“There’s no worse disease than ignorance” – Cancer survivor, Mexico
On the night before his surgery, the nurse informed me that Mr R had to be taken off the next day’s operative list because he did not have an accompanying relative. Now, for the people naive to the logistics of an Indian hospital system, not having a relative with an admitted patient, is sacrilege. Here, a relative is necessary to pay bills, collect medicines, feed the patient and help them use the restroom. I visited Mr R in his ward to have a chat with him in order to find a solution to this problem of a missing relative, expecting the chat to last five minutes. However, after half an hour of careful tactical questioning, I was able to identify the root cause – Mr R was ashamed that he was a man and a man had contracted breast cancer. A shameful piece of information that he couldn’t share with his son. Mr R resided with his son, so he had to regularly manufacture excuses in order to leave the house to attend the clinic. This bottleneck leads to delays and gaps in his therapeutic journey. This scenario, unfortunately, is not uncommon.
What is a stigma?
Stigma is a Greek word that originally referred to a kind of tattoo mark cut or burned into the skin of criminals, slaves, or traitors in order to visibly identify them as blemished or morally polluted.
In public spaces, this physical mark helped citizens identify and shun people with a stigma attached to their body. In modern times, social stigma is the disapproval of, or discrimination, against a person based on perceivable social characteristics that serve to distinguish them from other members of society. Culture, gender, race and health are common factors that create an “us” and “them” mindset.
Stigma has been associated with certain diseases historically but has gradually faded as effective treatment modalities, and public acceptance of the diagnosis have emerged. While the Western world slowly moves away from stigmatising Tuberculosis, HIV and mental illness, India continues to have a stigma attached to these diseases, albeit in smaller doses compared to a couple of decades ago. India’s disease profile is changing with cancer catching up with cardiovascular disease as the leading causes of death. Even though more people die of cardiovascular disease and infections each year, cancer still remains, as author Siddhartha Mukherjee aptly puts it, “the Emperor of all maladies”. Cancer is a diagnosis that drives fear even in the hearts of champions, both doctors and laymen alike. Evidence suggests that cancer is a stigmatised disease worldwide shrouded by silence.
How do people perceive cancer and what leads to stigma?
The uncertainty regarding how and why cancer develops is an important factor. As clinicians, we often do not have a straightforward answer as to why individuals are inflicted with this illness, and this opens the doors to different interpretations regarding cancer aetiology. Not uncommonly, in many cultures, cancer is viewed as a form of punishment from providence for a sin committed by the victim or one of their family members.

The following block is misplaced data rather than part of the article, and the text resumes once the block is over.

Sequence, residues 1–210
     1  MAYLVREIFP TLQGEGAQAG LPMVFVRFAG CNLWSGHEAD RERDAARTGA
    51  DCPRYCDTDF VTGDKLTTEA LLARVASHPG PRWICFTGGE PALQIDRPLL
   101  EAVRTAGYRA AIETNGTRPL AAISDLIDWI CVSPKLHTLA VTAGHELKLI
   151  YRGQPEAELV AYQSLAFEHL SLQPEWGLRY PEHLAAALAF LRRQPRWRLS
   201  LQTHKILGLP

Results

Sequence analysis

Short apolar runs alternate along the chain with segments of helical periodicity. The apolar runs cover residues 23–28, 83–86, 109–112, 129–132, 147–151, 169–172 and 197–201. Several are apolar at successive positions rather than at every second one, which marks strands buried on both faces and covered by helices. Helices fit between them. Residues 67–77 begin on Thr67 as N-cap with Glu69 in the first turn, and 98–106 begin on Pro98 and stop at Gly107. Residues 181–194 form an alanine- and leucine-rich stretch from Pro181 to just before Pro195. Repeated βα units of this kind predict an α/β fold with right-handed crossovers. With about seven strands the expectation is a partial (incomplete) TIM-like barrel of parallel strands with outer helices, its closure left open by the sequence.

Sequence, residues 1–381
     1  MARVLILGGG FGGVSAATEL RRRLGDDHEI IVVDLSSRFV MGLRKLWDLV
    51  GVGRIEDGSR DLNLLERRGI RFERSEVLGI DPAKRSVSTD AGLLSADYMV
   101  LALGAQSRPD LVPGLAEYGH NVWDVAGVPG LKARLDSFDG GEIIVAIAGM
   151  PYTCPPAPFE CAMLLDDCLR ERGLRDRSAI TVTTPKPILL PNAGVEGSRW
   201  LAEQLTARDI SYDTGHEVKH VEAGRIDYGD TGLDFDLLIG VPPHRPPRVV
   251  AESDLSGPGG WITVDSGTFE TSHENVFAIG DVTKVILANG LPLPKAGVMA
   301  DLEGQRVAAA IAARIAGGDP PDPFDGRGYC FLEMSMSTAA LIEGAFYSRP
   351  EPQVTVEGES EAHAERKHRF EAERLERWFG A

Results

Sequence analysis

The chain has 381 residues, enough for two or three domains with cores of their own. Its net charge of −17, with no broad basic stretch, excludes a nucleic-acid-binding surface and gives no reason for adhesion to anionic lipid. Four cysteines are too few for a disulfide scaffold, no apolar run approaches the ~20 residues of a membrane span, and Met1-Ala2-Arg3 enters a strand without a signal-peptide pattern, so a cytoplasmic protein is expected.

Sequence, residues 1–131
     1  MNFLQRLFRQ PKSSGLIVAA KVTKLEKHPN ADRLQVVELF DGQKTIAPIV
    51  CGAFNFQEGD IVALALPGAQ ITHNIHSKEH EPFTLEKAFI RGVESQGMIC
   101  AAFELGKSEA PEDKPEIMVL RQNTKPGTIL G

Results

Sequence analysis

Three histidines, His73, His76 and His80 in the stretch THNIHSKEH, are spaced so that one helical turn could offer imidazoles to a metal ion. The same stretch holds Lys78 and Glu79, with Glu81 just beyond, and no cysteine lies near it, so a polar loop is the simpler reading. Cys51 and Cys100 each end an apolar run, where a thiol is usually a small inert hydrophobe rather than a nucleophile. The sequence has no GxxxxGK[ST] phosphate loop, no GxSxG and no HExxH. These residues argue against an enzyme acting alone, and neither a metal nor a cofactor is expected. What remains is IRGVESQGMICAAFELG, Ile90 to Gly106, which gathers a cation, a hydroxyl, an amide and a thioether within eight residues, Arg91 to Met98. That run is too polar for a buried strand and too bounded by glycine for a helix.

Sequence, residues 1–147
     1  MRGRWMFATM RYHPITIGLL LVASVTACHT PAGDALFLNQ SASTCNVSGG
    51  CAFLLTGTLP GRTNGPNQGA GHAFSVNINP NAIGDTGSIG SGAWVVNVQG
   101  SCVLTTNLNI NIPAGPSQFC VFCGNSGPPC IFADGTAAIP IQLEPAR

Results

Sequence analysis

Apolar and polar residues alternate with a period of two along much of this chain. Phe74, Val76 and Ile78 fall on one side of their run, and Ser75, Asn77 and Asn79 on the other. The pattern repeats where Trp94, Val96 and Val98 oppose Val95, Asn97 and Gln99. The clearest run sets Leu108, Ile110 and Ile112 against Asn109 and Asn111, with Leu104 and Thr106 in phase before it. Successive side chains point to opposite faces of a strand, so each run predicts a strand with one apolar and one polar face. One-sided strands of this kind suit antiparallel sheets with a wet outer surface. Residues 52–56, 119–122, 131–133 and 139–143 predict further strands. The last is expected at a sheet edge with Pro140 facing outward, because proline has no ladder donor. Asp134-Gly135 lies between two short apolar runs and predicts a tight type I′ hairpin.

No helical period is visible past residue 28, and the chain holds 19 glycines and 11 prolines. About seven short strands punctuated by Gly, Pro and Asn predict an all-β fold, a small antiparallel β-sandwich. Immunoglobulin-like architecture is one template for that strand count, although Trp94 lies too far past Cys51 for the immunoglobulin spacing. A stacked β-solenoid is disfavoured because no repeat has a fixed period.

The dubious presentation of disease adds to the mystery of cancer as an enemy. Not all cancers behave alike with different cancers behaving like soldiers with different strategies during war. Some cancers are guerrilla-like in their approach- they raid and then hide without giving an indication of when the next onslaught will occur, others are like a specialised task force set out to kill the victim within a week while most cancers set in for a long siege of their unlucky host. This unpredictable nature breeds more fear about the disease.
The rampant ability of humans to spread horrific stories adds to the problem. A “friendly” neighbour wouldn’t hesitate to share a story of a relative who suffered from unbearable pain, the tale of loss of hair with chemotherapy and the horrendous sight of weight loss due to cancer cachexia. It isn’t abnormal to be afraid of something that appears invincible, but ignorance and a lack of information clearly propagates exacerbated fear. While not all forms of cancer are incurable, the chance of incurability increase with stage if presentation, although there is always a possibility of recurrence of cancer.
What are the effects of stigma – In and outside the clinic?
Stigma breeds silence, which fuels the fear and ignorance that feeds the stigma.
Stigma seriously harms all parties in the doctor-patient-caregiver relationship. Just like in Mr R’s case, oncologists are commonly asked to keep the diagnosis hidden from the patient’s inner circle, which propagates silent, solitary suffering. This decision is partly influenced by reports that being diagnosed with cancer leads some people to see you as less than the person you were. I have been informed by patients that friends they were close to avoid them, people don’t feel at ease with you, and community members sometimes behave in hurtful or discriminatory ways. This kind of denial and avoidance perpetuate social isolation and negatively impact the quality of life.
There are some nuances of practice on the Indian subcontinent, which makes work slightly more difficult as the decision-making process involves the head of the family and not the individual in question. A common request by caregivers is to hide the diagnosis of malignancy from the patient to “avoid robbing the patient of hope and sleep due to crippling fear”. This fatalistic attitude has frequently contributed to decision-makers “believing” that there is no cure that can be offered and patients opting out of receiving curative treatment. For end-stage cancer, families are known to avoid palliative care altogether and thus increase the morbidity of cancer, increase suffering and decrease the function of patients.